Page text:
We approved of the creation of Nice (the National Institute for Health and Clinical Excellence) and, by and large, we like the way it has exercised its authority. Judging benefit against cost is surely the right way to determine what finite amounts of public money should fund.
That said, the appeal court victory for the licence-holder of the Alzheimer's drug, Aricept, is a useful warning shot across its bows. The judges found that the process by which Nice decided to restrict NHS funding for Aricept to moderate sufferers was "procedurally unfair". The effect of that ruling was to make those in the early stages of the disease pay privately or go without. Nice's justification was that, while Aricept was beneficial for them too, it was not beneficial enough to warrant the cost.
The licence-holder Eisai complained that Nice procedures kept key elements of its calculations confidential and so put drug companies at an unfair disadvantage. It argued the companies should be entitled to know all the calculations that would affect Nice's decision.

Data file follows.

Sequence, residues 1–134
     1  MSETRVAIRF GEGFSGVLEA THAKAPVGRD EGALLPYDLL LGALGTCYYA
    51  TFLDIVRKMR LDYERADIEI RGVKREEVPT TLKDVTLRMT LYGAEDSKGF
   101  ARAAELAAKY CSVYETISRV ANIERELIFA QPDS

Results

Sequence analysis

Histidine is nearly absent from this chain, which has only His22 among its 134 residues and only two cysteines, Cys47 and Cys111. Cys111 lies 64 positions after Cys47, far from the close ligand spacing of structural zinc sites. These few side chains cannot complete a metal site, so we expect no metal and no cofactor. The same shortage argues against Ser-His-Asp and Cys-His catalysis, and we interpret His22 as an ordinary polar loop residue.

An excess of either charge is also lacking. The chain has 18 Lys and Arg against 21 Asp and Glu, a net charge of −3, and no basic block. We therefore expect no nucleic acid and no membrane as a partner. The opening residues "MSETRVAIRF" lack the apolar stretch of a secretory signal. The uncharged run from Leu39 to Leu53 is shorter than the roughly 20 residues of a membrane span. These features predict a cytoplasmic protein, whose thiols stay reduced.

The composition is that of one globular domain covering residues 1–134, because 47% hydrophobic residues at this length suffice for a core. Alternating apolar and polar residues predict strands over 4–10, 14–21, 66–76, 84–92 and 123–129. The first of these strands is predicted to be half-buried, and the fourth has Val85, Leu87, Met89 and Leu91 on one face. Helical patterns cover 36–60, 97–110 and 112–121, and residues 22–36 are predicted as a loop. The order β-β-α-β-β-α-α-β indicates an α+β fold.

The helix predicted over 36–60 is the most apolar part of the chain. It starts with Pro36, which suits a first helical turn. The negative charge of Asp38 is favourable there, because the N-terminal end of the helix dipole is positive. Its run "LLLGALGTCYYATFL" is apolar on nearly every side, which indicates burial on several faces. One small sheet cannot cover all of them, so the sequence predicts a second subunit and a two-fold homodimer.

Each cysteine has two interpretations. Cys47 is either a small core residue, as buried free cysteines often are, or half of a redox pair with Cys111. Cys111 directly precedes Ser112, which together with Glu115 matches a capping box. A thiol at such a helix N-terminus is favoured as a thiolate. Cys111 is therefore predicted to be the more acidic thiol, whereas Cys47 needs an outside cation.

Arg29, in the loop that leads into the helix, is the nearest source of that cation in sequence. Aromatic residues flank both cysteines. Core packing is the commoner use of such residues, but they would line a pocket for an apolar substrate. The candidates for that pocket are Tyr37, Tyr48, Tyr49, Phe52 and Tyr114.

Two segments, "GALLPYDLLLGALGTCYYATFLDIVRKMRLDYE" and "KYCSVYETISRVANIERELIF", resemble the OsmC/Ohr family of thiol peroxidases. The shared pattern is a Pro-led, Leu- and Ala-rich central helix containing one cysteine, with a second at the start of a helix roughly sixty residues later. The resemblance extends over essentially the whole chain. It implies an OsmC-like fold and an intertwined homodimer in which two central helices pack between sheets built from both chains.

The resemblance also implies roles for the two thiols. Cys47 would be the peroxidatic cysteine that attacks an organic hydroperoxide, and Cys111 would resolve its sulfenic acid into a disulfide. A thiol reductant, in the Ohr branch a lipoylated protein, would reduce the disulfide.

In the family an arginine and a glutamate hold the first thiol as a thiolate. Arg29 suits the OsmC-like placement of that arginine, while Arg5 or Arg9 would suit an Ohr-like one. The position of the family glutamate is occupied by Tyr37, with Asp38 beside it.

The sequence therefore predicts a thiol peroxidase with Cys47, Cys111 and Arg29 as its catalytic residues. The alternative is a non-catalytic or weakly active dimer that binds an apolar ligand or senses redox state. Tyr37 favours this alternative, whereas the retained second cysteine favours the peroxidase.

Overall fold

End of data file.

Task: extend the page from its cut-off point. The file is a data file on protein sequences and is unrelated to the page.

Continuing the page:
This, of course, has dangers. Drug companies would then be able to tailor the costs of their new products in such a way as to maximise the likelihood of approval – perhaps by skewing the pricing to make some drugs less expensive, and others more.
Yet the effect could also be beneficial, in clarifying the cost-benefit equation and bringing more reasonably priced new drugs to the market. If in doubt, we would prefer a regulator that errs on the side of transparency; it is pleasing to find that this seems to be the judges' preference too.Reuse content